volume = "62",
pages = "261--270",
journal = "Modern Law Review",
issn = "0026-7961",
number = "2",

}

Detecting, Prosecuting and Punishing Benefit Fraud: The Social Security Administration (Fraud) Act 1997. / McKeever, Gráinne.

In: Modern Law Review, Vol. 62, No. 2, 1999, p. 261-270.

Research output: Contribution to journalArticle

TY - JOUR

T1 - Detecting, Prosecuting and Punishing Benefit Fraud: The Social Security Administration (Fraud) Act 1997

AU - McKeever, Gráinne

N1 - Reference text: Beating Fraud is Everyone’s Business: Security the Future Cm 4012 (1998) Social Security Committee, Third Report: Housing Benefit Fraud, 1995–96, HC 90-I and HC 90-II: Green Paper: New Ambitions for Our Country – A New Contract for Welfare, Cm 3805, (1998) K. Rowlingson et al (eds), Social Security Fraud: The Role of Penalties DSS Research Report No 64 (London: Stationery Office, 1997). Social Security Committee, Fourth Report: Disability Living Allowance, HC 641 (1998). Uglow, Criminal Justice (London: Sweet and Maxwell, 1995) Ian Dunbar and Anthony Langdon, Tough Justice: Sentencing and Penal Policies in the 1990s (London: Blackstone Press Ltd, 1998). A. Ogus, E. Barendt and N. Wikeley, The Law of Social Security (London: Butterworths, 1995) Hartley Dean and Peter Taylor-Gooby, Dependency Culture: The Explosion of a Myth (London: Harvester Wheatsheaf, 1992)

PY - 1999

Y1 - 1999

N2 - Social security fraud is currently estimated at £7 billion per year out of an annual socialsecurity budget of £90 billion. The social security system is hugely bureaucratic andadministrative, leaving it wide open to abuse. Obviously there are individuals keen toexploit such vulnerability, but many innocent claimants also fall foul of its rules, quiteinadvertently. In 1997, the Conservative government declared that its anti-fraudinitiatives would save taxpayers £7 billion over the next three years.2 The main plankin the Conservatives’ anti-fraud strategy, which has now been implemented by theLabour Government, was the Social Security Administration (Fraud) Act 1997,designed to make the detection, prosecution and punishment of benefit fraud moreeffective.3 The aim of this note is to examine the legislation previously used in thebattle against benefit fraud, to identify the rationale for legislative change, and toanalyse the problems which arise from this new legislative position.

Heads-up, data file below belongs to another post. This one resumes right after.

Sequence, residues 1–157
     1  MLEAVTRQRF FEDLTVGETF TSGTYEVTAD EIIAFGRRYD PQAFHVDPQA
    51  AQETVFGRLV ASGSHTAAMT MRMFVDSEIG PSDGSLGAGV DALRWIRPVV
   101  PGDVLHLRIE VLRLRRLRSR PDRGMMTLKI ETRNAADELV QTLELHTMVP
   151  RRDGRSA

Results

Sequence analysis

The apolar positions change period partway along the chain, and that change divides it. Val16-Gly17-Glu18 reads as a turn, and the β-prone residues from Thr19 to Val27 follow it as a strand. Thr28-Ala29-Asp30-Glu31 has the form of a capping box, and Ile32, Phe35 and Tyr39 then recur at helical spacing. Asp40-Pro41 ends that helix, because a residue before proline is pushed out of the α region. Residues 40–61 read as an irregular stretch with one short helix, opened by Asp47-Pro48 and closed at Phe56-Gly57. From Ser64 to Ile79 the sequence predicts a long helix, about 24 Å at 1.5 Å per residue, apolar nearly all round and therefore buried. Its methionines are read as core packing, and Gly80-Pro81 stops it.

AB - Social security fraud is currently estimated at £7 billion per year out of an annual socialsecurity budget of £90 billion. The social security system is hugely bureaucratic andadministrative, leaving it wide open to abuse. Obviously there are individuals keen toexploit such vulnerability, but many innocent claimants also fall foul of its rules, quiteinadvertently. In 1997, the Conservative government declared that its anti-fraudinitiatives would save taxpayers £7 billion over the next three years.2 The main plankin the Conservatives’ anti-fraud strategy, which has now been implemented by theLabour Government, was the Social Security Administration (Fraud) Act 1997,designed to make the detection, prosecution and punishment of benefit fraud moreeffective.3 The aim of this note is to examine the legislation previously used in thebattle against benefit fraud, to identify the rationale for legislative change, and toanalyse the problems which arise from this new legislative position.

M3 - Article

VL - 62

SP - 261

EP - 270

JO - Modern Law Review

T2 - Modern Law Review

JF - Modern Law Review

SN - 0026-7961

IS - 2

ER -